The future of LIBOR: Reviewing suggested changes and impact on portfolios

The future of LIBOR: Reviewing suggested changes and impact on portfolios

By Armel Romeo Kouassi, Head of Balance Sheet Management and Asset Liability Management, Northern Trust

Can you please tell the Risk Insights readers a little bit about yourself, your experiences and what your current professional focus is?

I am fascinated by the business of banking which involves the identification, measurements and management of risk. One of the most important risk-management functions in abank is Asset Liability Management. I am currently heading Asset Liability Management Modelling at Northern Trust with responsibility in measuring and modelling the banks IRR. One aspect of my function which I like the most is specifically empowering the organization to make educated decisions that minimize risk while optimizing return within the evolving regulatory environment and changing market environment.

What is the current situation with US SOFR?

Replacing the world’s “most important number” is a huge endeavour, a massive amount of fixed income products are priced off LIBOR.  Roughly $10 trillion worth of loans are priced based on the LIBOR. And then trillions more in derivatives. Market participants have taken concrete steps to transition from LIBOR to the transaction-based alternative. I expect LIBOR and SOFR to likely co-exist for some time. SOFR is not widely used yet due to some limitations: while LIBOR rates are available in seven different maturities, ranging from overnight loans to those lasting one year, SOFR is so far an overnight rate only.

What has been the affect/outcome of outstanding financial transactions being indexed to current libor?

Several trillions of transactions and derivatives are indexed on LIBOR. LIBOR or the world’s most “important number” was created in 1986 by the British Bankers’ Association to measure and track the interest rates banks pay when they borrow from each other. LIBOR is the primary benchmark for short-term interest rates around the world. LIBOR underlies several hundred trillion in securities across the globe. LIBOR phase-out will have significant impact on outstanding fixed income securities, loans, mortgages and investments with floating rates.
Lack of transactional data underlying LIBOR, lack of transparency, reduced credibility of the rate-setting process,scandals, and the reticence of member banks to continue making LIBOR submissions force the transition but it will be a long ride for months to come.  More to come at the conference.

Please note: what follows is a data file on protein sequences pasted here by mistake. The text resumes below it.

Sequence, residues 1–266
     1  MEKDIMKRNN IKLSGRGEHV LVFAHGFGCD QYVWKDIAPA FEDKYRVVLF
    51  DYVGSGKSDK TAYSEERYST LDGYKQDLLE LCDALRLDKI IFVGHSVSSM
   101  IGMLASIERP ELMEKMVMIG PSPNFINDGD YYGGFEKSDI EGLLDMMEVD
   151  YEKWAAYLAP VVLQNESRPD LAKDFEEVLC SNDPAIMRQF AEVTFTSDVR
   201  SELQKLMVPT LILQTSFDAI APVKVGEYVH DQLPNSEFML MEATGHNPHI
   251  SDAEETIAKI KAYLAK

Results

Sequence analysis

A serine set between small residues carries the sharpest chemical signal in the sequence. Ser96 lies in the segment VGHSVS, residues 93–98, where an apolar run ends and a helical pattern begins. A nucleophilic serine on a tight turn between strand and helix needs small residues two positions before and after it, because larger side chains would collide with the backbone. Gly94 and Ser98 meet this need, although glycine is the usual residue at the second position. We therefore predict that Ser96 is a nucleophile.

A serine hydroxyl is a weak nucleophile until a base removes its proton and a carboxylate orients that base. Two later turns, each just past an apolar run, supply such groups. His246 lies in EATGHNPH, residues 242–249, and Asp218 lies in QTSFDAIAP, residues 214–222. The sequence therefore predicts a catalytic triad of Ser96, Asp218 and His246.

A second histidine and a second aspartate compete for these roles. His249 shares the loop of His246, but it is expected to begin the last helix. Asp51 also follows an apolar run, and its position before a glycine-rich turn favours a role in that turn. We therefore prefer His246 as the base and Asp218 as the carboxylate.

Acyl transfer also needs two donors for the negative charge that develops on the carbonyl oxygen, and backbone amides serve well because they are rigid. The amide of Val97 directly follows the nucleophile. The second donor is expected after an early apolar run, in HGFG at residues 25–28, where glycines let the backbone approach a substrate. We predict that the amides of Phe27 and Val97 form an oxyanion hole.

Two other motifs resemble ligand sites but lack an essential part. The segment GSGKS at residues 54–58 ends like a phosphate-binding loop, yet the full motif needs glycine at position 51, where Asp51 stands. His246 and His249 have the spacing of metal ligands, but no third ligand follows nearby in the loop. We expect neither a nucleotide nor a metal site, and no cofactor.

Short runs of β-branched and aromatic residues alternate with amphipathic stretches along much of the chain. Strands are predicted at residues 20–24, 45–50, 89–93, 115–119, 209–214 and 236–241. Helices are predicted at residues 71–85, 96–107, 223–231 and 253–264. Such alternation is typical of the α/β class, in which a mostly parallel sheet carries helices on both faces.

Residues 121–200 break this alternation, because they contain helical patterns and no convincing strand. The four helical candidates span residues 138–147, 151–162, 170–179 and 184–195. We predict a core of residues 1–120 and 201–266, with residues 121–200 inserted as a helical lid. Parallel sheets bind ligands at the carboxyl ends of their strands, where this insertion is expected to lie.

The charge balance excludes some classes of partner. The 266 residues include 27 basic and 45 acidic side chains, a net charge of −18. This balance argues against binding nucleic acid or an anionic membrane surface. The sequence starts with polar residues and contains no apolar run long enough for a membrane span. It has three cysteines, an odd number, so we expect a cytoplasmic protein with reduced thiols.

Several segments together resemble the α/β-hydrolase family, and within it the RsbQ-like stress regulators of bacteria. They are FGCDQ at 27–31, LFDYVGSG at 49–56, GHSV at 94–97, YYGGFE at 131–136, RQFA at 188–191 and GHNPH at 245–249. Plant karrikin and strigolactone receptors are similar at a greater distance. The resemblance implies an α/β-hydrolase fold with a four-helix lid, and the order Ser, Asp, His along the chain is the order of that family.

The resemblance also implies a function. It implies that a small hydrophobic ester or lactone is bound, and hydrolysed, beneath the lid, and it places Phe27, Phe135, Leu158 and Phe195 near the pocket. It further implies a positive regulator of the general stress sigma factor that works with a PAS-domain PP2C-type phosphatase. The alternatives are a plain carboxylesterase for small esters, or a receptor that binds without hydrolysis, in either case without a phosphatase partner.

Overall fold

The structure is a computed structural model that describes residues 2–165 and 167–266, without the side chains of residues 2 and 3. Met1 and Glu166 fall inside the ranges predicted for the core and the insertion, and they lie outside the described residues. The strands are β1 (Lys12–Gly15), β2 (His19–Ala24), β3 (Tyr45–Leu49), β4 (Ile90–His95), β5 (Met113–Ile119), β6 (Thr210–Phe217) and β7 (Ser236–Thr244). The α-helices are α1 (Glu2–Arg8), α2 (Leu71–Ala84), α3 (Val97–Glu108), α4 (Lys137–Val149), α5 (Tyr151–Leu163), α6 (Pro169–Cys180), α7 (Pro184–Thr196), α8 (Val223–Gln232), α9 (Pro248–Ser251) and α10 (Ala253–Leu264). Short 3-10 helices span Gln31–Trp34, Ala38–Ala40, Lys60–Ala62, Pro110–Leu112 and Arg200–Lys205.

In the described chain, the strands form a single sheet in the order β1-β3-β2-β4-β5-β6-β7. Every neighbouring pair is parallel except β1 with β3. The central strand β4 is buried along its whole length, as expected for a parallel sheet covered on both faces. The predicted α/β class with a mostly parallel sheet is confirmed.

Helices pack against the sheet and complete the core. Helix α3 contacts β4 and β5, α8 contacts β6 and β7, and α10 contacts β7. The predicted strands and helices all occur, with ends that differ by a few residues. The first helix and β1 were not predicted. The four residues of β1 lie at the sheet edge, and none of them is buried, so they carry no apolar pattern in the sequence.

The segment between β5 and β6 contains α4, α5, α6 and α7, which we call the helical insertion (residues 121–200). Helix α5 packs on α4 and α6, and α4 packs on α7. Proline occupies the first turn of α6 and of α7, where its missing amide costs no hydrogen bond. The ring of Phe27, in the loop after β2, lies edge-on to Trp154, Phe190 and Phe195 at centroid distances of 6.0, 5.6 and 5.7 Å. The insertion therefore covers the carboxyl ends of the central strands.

What are the challenges for public record and investors?

The transition from LIBOR to SOFR will significantly affect floating-rate investments. In the future adjustable rates coupon will likely be SOFR. There are a few key differences between LIBOR and SOFR that could be a challenge for investors:
✓Liquidity in the SOFR swaps market is still relatively low and the SOFR cash market has not developed yet.
✓LIBOR rates are unsecured, tend to be higher than secured rates (SOFR), to reflect counterparty risk. SOFR is secured, implies no credit or spread risk.
✓SOFR is a market rate based on actual transactions, not banks estimations.
✓SOFR is produced by the Federal Reserve, which implies transparency and some measure of impartiality and credibility.
✓SOFR is only a short maturity overnight rate with low yield. LIBOR captured term risk by offering reference rates at different maturities on the yield curve
✓SOFR has been so far more volatile than overnight LIBOR since the Fed introduced it, largely due to Treasury issuance and Fed policy.

How have consumer loans been affected?

It is too soon in the process. Although LIBOR will be replaced by a transaction-based benchmark for variable-rate products, the demise of LIBOR could present transitional challenges to many consumer loans. There is north of 10 trillion loans indexed on LIBOR. For variables rates borrowers (mortgages, credit cards, student loans, corporate business loans, commercial mortgages and variable-rate bonds)lenders will typically inform borrowers of the transition ahead of time but for many existing floating-rate loans, there is no concrete language in the prospectuses that lays out a plan if a given reference rate no longer exists.

What has been impact on borrowers and investors?

It is too early to tell how borrowers and investors are impacted. SOFR is still new. As stated earlier for many existing floating-rate investments, there is no concrete language in the prospectuses that lays out a plan if a given reference rate no longer exists.  Most recent floating rate investments are still referencing LIBOR and included language about the transition from LIBOR with some flexibility on the rates to be used

Challenges in issuing notes in a market with two reference rates: Issuance of floating notes with SOFR, could make seasoned floaters tied to LIBOR less desirable and potentially experience a loss of liquidity. Given the challenges of the transition, LIBOR may likely exist alongside SOFR for a period. We should prepare for a potential extended period of co-habitation of LIBOR and SOFR. Preparedness is key to deal with this uncertainty. Investors and banks should be deliberate in planning.

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